The Australian Centre for Student Equity and Success acknowledges Indigenous peoples as the Traditional Owners of the lands on which our campuses are situated. With a history spanning 60,000 years as the original educators, Indigenous peoples hold a unique place in Australia. We recognise the importance of their knowledge and culture, and reflect the principles of participation, equity, and cultural respect in our work. We pay our respects to Elders past, present, and future, and consider it an honour to learn from our Indigenous colleagues, partners, and friends.

You are reading: Social mobility in the slipstream: first-generation students’ narratives of university participation and family

Emma Wainwright and Mike Watts (Department of Education, Brunel University London)

Published in Educational Review
7 September 2018

Abstract

In recent years, increasing research attention has been devoted to “first-generation” or “first-in-family” university students. For a sizeable cohort of students there is still little or no family tradition of supporting new university entrants into, and few expectations of, the novel and unfamiliar territory of university life and work. Contextualised by UK policy concerns over limited widening participation and social mobility, we extend current research on first-generation university students with an enhanced focus on family and home. Drawing on extended narratives from eight first-generation students, this paper explores the extent to which these students can have a “slipstream” effect back upon the home, on their siblings and, in some instances, on their parents. Informed by understandings of family learning and social learning theory, the concept of familial role-modelling is used to consider the transmission of learning within the family. With familial cultures of learning a key driver for young people’s ambitions and aspirations, by focusing on the under-researched links between home, family, and university, we stress the importance of further exploring the experiences of first-generation students. This, we argue, is necessary for individual universities, the HE sector, and government to better acknowledge and address.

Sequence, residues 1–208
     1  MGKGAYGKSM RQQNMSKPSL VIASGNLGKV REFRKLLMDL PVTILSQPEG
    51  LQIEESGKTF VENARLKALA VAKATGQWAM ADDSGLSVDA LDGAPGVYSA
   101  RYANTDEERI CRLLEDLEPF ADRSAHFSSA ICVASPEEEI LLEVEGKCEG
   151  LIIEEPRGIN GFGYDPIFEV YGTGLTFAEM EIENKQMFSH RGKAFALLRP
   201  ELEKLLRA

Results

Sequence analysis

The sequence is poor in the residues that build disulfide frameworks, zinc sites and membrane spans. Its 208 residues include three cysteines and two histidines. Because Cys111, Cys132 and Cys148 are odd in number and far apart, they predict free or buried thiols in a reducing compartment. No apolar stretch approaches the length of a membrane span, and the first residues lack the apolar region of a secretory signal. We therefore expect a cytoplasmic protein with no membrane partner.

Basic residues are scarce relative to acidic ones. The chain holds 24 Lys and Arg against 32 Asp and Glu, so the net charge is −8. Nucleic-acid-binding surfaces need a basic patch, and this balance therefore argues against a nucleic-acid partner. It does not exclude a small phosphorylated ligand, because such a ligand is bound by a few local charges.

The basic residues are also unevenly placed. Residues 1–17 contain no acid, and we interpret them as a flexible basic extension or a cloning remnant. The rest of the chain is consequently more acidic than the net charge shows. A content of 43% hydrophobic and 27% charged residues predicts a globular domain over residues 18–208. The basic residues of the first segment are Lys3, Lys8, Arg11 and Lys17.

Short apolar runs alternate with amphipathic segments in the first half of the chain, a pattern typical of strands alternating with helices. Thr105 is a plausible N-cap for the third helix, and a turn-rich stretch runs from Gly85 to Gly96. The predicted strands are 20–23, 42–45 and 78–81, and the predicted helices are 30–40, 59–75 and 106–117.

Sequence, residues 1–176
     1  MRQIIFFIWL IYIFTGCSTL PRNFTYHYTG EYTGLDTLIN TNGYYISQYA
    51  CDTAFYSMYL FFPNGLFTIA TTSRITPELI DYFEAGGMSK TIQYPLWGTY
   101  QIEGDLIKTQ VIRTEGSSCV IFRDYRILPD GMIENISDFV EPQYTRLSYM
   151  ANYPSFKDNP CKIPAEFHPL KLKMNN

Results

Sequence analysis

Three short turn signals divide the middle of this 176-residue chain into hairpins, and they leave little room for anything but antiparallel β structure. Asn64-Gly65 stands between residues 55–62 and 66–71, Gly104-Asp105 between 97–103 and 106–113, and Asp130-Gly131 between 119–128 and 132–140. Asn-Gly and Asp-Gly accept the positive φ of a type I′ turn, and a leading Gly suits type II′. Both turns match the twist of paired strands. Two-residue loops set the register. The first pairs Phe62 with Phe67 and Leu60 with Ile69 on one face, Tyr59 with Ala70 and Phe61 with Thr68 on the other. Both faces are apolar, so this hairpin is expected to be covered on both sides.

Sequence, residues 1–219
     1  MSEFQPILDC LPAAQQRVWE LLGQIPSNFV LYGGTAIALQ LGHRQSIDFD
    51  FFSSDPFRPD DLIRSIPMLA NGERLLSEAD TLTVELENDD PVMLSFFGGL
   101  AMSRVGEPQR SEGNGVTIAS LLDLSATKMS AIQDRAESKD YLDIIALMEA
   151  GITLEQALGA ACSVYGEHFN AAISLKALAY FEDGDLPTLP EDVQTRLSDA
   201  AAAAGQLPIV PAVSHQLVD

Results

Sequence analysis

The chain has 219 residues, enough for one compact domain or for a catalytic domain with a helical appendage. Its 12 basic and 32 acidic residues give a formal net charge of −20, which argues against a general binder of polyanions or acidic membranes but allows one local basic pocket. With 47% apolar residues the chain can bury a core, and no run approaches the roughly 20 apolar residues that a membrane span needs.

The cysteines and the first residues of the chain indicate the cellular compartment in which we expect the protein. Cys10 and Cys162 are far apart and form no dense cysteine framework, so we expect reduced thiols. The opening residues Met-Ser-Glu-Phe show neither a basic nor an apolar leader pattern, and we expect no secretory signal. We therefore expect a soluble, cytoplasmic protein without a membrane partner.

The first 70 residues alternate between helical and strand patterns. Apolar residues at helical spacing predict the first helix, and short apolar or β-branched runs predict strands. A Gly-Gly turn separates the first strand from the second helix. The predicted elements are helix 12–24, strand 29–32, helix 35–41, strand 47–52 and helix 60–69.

Read the full article here.


View more open access national and international journal articles.

Featured publications
The Critical Interventions Framework Part 3 (CIF 3) focuses on evaluative studies which provide details of the impacts of specific interventions on equity groups in relation to access to and success in higher education.
A case study documenting the transition of one Indigenous student, Robbie, from an underprivileged school located in the Western suburbs of Sydney to an urban Australian university.